Mexico’s delegate, calling for a national ceasefire in Yemen and urging all the parties to exercise maximum restraint, called on the Houthi leadership to engage in dialogue facilitated by the Special Envoy without preconditions. Noting with concern that recent efforts by the International Monetary Fund (IMF) and cash injections by Saudi Arabia have not been sufficient to stop the rapid rise of inflation in Yemen, he also called on the Houthis to eliminate all bureaucratic restrictions on imported goods and allow unimpeded delivery of humanitarian assistance across the country.

The representative of the Russian Federation, noting that the international community stands united on the Yemen file, underscored the important mediation roles to be played by the United Nations and regional States. Faltering in that process to date has led to an escalation of violence in Marib and air strikes on Saudi Arabia. Noting that there is no alternative to negotiations that take into account the views of all parties, he echoed other speakers in voicing concern over Yemen’s dire economic situation and calling for the full lifting of all maritime and air blockades and removal of restrictions on distribution of food and fuel.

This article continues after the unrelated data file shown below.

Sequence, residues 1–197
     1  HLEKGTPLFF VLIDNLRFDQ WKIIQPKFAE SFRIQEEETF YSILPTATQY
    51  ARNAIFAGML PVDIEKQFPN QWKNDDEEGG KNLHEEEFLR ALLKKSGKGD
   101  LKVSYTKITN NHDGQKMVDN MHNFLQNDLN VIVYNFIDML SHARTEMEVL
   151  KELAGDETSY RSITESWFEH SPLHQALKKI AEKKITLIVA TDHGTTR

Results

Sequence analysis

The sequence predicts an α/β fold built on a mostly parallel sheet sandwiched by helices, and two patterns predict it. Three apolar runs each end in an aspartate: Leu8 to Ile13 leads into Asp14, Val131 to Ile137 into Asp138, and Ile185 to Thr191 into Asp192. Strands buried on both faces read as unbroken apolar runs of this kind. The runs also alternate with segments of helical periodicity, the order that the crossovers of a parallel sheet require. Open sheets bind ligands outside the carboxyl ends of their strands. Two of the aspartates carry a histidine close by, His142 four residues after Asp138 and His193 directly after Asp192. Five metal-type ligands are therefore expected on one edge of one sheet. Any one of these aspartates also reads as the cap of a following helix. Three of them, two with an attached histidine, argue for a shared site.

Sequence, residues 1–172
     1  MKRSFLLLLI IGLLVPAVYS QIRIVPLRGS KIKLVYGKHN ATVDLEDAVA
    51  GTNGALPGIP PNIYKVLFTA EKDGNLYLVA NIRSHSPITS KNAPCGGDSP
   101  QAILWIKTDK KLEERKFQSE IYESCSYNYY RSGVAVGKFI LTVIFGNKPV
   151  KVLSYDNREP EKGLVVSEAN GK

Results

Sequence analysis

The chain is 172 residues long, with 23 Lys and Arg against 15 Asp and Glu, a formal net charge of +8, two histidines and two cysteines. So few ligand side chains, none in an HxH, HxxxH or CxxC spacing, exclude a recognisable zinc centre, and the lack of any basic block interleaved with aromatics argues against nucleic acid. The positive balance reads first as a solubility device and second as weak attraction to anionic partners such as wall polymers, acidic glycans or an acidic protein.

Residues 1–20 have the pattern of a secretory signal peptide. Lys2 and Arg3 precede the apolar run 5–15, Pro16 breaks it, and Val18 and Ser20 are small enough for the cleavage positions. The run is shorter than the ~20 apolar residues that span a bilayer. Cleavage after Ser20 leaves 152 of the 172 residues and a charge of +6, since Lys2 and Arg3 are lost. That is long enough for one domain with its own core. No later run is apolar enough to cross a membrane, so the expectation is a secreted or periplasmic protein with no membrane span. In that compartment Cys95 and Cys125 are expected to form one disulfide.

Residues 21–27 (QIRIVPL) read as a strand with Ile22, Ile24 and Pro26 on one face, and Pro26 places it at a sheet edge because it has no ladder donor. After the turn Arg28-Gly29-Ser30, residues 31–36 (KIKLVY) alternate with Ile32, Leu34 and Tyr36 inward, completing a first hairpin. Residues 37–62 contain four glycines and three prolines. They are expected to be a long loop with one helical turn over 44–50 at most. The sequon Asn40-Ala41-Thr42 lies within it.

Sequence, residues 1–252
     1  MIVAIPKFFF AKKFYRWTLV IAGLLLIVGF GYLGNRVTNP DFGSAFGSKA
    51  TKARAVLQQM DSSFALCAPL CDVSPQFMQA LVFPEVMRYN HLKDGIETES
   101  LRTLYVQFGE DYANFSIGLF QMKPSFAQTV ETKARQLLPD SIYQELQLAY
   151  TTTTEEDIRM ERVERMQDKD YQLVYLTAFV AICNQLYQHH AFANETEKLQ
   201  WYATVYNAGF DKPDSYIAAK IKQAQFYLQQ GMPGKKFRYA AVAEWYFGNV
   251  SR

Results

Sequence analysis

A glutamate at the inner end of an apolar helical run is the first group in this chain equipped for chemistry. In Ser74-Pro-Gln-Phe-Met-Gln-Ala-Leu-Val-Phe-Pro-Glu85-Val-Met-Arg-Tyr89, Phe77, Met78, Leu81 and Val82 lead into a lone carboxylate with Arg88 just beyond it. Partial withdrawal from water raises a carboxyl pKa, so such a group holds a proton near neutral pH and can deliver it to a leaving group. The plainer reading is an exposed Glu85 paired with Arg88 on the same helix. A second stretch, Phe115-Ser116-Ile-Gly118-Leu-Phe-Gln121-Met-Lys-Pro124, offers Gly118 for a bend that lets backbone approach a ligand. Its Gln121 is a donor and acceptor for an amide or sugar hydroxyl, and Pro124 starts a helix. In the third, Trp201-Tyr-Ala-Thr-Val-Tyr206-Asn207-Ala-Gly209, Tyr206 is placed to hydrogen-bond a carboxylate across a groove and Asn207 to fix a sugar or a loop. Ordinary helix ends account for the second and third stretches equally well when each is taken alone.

The representative of Yemen also addressed the Council, echoing members’ calls for an immediate end to the ongoing Houthi offensive in Marib and reiterating his Government’s willingness to cooperate with the new Special Envoy. “However, the Houthi militias continue to insist on war, instead of peace,” he said, advocating for a stronger approach to dealing with a group that continues to attack civilians, commit sexual violence, recruit children, loot humanitarian aid and attack Saudi Arabia. He also called upon the global community to lend support to his Government’s economic recovery plans, stressing that “there is no time to lose”.

Also speaking were the representatives of China, France, United States, Viet Nam, Kenya, Norway, Niger, Saint Vincent and the Grenadines, Estonia, India and Ireland.

The meeting began at 10:02 a.m. and ended at 11:52 p.m.